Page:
I beg to move,
That this House has considered Environment Agency permits.
It is a pleasure to serve under your chairmanship, Mr Hollobone.
I count myself very lucky to be the Member of Parliament for East Surrey, an area characterised by beautiful rolling countryside and vibrant towns and villages, all within easy reach of London. The north of my constituency even falls within the M25, although, with all the green space, people would be forgiven for not realising it. East Surrey is the epitome of what makes England unique. We know how fortunate we are, and we take very seriously our duty as custodians and protectors of our stunning local environment for future generations. I called for the debate because I am concerned about our ability to protect the environment for our children and grandchildren, but I am hopeful that is something that can easily be rectified by the very able Minister.
If hon. Members indulge me, I will tell them about the constituency case that has prompted the debate. Oxted quarry, regulated by the Environment Agency, has been problematic for a number of years. My predecessor, Peter Ainsworth, was doing battle with the side-effects of the quarry as far back as 2005, if not before. The leader of Tandridge District Council, Martin Fisher, who is in the Gallery, has also been doing battle with the issue for several years, on behalf of residents.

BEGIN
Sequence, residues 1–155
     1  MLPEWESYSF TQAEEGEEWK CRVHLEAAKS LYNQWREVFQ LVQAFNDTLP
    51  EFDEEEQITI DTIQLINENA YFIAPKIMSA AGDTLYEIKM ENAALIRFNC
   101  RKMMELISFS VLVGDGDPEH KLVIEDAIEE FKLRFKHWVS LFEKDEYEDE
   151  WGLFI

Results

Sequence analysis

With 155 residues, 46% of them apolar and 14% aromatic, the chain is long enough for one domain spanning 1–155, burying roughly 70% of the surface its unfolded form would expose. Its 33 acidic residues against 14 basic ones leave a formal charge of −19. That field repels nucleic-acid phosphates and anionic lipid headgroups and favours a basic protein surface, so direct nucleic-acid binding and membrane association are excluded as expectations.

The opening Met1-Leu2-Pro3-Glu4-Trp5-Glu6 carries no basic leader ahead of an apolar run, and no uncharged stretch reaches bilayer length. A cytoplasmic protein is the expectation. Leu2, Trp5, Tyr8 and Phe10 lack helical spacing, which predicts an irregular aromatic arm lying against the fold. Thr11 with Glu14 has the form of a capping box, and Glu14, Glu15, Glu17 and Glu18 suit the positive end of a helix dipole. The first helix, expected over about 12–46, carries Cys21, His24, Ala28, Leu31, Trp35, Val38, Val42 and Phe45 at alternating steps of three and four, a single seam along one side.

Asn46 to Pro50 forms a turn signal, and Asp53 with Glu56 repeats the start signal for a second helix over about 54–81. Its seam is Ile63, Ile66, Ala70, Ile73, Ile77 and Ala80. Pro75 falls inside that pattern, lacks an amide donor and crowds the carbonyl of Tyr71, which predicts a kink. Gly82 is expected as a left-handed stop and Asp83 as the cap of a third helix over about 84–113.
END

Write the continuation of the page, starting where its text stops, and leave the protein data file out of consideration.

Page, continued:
The quarry has two functions: chalk extraction and waste infill. However, the problems for the local environment stem from the volume of heavy goods vehicles that end up on East Surrey’s country roads, because a working quarry needs to transport its materials. We have long had issues with HGVs thundering through small villages and along narrow lanes, causing distress to residents and costly damage to the highways. I am sure colleagues in rural constituencies and my Surrey neighbours will recognise that.
The latest chapter in the story of Oxted quarry began in 2005, when the Environment Agency granted permission for the operator to infill the quarry with 100,000 tonnes of inert material a year. That was in addition to the 18,000 tonnes of chalk that has been extracted annually since the 1930s. Why was that a problem? Before the licence was granted, only four or five HGVs made return trips each day, which was some 10 movements. After the licence was granted, there was a dramatic increase in HGV movements: local authority records show that at their peak, in 2008, an average weekday saw 150 HGV movements. On six days, there were in excess of 216 HGV movements, which meant roughly one vehicle every three minutes.